Dr. Manmohan Singh was a brilliant FM working with a leader at the time that allowed him to be brilliant. There were flashes of this brilliance during UPA-1 too. That he actually was brilliant is evident from the fact that the current government is blindly following majority of his ideas and policies. But what happened to MMS? His brilliance was kept out of the Congress politics and the party and within that dynamics, the brilliance was forced to follow and toe the line of what was an excellent norm.

And finally there was a brilliant four year old marathon runner Budhia. Even as of today he stands banned from running. Excellent healthcare practices were imposed and continue to be so.

All children love stories, have fantastic imaginations and enjoy getting messy. Then they go to a public school and these abilities and interests are quashed to breed excellence.

There were no public systems till the 19th century. It came into existence to serve the needs of industrial revolution. This meant that at school you were steered away from things you were naturally brilliant at because you needed to be trained to work at the disciplined shop floor. This carries on till today.

“All children are born artists, the problem is to remain an artist as we grow up.” - Picasso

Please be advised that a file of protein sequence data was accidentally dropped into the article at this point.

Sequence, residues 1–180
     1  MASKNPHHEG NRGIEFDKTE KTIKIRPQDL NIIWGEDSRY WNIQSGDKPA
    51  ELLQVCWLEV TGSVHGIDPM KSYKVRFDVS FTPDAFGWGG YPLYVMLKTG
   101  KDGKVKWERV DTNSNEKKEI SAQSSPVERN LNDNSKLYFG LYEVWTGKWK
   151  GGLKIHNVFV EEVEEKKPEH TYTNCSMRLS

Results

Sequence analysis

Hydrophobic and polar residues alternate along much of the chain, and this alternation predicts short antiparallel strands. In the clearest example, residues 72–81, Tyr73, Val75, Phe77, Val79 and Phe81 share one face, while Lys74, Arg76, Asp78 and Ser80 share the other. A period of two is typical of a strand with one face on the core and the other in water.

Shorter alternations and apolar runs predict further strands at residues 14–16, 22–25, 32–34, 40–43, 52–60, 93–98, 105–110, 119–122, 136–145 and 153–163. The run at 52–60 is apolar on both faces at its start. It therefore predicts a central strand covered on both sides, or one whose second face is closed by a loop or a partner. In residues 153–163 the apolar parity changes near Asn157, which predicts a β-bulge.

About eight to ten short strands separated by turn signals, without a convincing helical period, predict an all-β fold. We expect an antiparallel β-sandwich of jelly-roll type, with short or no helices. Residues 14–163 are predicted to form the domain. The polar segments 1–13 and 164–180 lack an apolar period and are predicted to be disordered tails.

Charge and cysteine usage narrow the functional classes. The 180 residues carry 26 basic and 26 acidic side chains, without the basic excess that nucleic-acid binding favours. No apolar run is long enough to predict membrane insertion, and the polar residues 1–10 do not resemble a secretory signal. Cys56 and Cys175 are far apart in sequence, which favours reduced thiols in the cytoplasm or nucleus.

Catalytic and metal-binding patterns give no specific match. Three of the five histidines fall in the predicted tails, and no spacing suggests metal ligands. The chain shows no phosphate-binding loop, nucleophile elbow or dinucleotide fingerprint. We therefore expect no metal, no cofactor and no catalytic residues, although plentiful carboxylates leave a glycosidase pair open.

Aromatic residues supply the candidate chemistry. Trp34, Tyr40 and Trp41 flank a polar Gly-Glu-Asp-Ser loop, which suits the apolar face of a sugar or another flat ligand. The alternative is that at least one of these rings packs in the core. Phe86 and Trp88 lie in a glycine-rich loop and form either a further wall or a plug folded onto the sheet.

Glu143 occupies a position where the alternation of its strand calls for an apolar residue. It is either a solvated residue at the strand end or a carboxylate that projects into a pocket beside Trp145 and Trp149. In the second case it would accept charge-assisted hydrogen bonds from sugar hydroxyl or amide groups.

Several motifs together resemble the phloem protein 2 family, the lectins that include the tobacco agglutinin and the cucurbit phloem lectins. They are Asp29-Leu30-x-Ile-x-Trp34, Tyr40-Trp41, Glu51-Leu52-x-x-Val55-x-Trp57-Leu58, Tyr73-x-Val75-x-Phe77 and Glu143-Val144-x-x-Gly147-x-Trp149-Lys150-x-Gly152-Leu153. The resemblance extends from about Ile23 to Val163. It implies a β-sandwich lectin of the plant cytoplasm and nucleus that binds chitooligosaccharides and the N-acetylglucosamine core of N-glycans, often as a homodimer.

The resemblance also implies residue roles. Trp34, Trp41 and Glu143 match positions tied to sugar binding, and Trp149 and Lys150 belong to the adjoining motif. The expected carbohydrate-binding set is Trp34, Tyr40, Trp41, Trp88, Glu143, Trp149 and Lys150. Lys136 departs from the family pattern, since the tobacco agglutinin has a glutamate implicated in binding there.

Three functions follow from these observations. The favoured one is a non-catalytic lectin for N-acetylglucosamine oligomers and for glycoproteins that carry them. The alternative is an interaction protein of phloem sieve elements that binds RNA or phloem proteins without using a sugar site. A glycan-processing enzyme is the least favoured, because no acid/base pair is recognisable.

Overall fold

Think about it, if you visited Earth as an alien, you’d have to conclude that the whole purpose of our systemic education and drive on excellence is purely to produce conformists who compete to come first at conforming. That is to become excellent workers and not brilliant thinkers.

Restless children are diagnosed these days as ADHD. Take the example of Gillian Lynne (success of Cats and Phantom of the Opera) whose mother became increasingly worried because the child found it impossible to sit and concentrate in class. The modern day treatment would be for hyperactive ADHD. However in 1970, a specialist told the mother, “Gillian isn’t sick. She’s a dancer. Let her just dance.” The rest is history.

Isn’t it worrying that a majority of specialists would today put this child on medication for calming down? And why so? To confine to the norms of the shop floor.

It’s already too late for you to be brilliant but I think the least we can do is to let others soar and not condition them to be like you because being like you doesn’t guarantee a happy life.

Chetan Walia